Mother Tongues and Literary Languages
Lepschy, Giulio, The Modern Language Review
'Native speaker' and 'mother tongue' are two symmetrical and converse notions. They seem to refer to the same reality from two opposite viewpoints. Native speakers, by definition, speak their mother tongue, and a mother tongue is the language of a native speaker, but, in spite of this correspondence, the implications and the history of these two designations are very different, and, for both expressions, part of the difficulty lies in the relation they have with the notion of literary language.
In this lecture I shall discuss four points: native speaker; mother tongue; births and deaths of languages; and literary usage. I shall look in particular at topics emerging in the context of Latin, Hebrew, and Italian. The paper was written from the perspective of someone who is prevalently a linguist but one who is also interested in the literary aspect of the questions he is discussing, who, in fact, believes that although the two approaches, the linguistic and the literary, are distinct, they can only gain from being linked to each other, and in some cases they inevitably suffer from being kept apart.
The notion of native speaker seems to be central for modern linguistics. This centrality is usually traced back to Leonard Bloomfield, who in his Language of 1933 noted: 'The first language a human being learns to speak is his native language; he is a native speaker of that language', (1) and to Noam Chomsky, who in his Syntactic Structures of 1957 stated that grammatical sentences have to be 'acceptable to a native speaker'. (2) With the two most influential American linguists of the twentieth century (one considered the main representative of structural linguistics, the other the founder of generative linguistics) using the native speaker as a basis on which the whole of linguistic theory rests, one might be justified in expecting the notion to have been clearly defined and analysed in great detail, and its previous history to have been satisfactorily traced.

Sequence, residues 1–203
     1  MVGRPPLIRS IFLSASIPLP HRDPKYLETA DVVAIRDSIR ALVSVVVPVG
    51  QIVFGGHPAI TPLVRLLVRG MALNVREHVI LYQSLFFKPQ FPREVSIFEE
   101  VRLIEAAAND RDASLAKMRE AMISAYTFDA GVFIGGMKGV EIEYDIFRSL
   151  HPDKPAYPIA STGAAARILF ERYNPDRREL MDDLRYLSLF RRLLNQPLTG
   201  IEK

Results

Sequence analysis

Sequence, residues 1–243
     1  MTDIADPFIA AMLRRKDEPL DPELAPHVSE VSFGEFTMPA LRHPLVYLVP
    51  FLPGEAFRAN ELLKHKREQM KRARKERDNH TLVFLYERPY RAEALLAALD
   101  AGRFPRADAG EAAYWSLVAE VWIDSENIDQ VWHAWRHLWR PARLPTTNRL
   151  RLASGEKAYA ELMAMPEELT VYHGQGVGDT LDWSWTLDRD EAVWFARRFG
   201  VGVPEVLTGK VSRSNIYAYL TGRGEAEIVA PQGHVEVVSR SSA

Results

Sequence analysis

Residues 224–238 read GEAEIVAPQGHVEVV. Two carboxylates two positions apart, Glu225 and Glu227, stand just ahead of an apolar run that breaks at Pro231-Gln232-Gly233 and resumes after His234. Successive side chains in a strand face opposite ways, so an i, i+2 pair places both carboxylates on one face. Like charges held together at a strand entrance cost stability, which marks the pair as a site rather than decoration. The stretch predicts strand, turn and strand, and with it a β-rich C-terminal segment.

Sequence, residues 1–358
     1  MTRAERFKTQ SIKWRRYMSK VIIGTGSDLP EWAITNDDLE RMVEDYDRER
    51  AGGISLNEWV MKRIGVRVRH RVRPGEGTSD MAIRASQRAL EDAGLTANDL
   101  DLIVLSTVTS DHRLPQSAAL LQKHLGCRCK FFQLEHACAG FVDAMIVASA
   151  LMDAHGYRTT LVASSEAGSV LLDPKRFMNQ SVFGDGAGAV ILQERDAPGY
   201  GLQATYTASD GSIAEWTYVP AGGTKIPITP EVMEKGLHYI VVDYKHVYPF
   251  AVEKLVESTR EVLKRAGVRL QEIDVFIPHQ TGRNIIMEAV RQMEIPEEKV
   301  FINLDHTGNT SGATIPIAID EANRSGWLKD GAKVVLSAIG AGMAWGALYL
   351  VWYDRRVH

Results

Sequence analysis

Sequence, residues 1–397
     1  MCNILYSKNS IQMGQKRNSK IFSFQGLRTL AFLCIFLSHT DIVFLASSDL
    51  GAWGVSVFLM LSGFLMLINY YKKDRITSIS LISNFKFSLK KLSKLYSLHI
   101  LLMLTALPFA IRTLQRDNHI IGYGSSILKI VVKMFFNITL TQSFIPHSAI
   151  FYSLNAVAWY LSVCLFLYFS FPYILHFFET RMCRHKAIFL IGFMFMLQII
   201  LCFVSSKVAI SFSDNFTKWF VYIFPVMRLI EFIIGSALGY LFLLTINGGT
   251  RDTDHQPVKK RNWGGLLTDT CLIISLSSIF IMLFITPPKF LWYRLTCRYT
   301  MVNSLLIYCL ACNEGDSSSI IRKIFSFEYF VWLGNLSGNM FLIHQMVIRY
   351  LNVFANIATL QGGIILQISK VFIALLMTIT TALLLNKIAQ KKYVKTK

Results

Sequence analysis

However, this is far from being the case. Several volumes have been devoted to the native speaker during the last two decades, (3) but the notion remains elusive and hazy, and its history difficult to ascertain. The OED does not record it either under 'native' or under 'speaker'; the CD-ROM of the second edition (1989) provides seventeen hits, under different entries, dated between 1942 and 1982, and irrelevant for our purposes. Together with Helena Sanson, a colleague in the Italian department at UCL, I have done some work on the history of expressions 'native speaker' and 'mother tongue'. (4) We were struck by a concentration of examples of 'native speaker' in the first years of the twentieth century, in the debates concerning the revival of Irish. The expressions 'Irish speaker', and 'native (Irish) speaker' seem to be more or less interchangeable, in the context of these discussions. (5)
If the OED is not very helpful for tracing the history of the phrase 'native speaker', (6) bilingual dictionaries are obviously useless for this purpose, apart from confirming the peculiarity of the English designation by either offering translations which are clearly calqued on English (such as the French locuteur natif, the Spanish hablante nativo, the Italian parlante nativo), or have recourse to different expressions involving the mother tongue (see the German Muttersprachler(in), or the Italian il/la madrelingua for persons who speak or teach their mother tongue). This needs to be examined more closely.
The expressions 'mother tongue' and 'mother language' are recorded in the OED with two separate senses. The first is 'one's native language'. Both for 'mother tongue' and for 'mother language' the earliest attestation is in Wyclif (1380). With the second sense ('an original language from which others spring') the earliest quotation for 'mother tongue' is from 1645, and for 'mother language' from 1680. …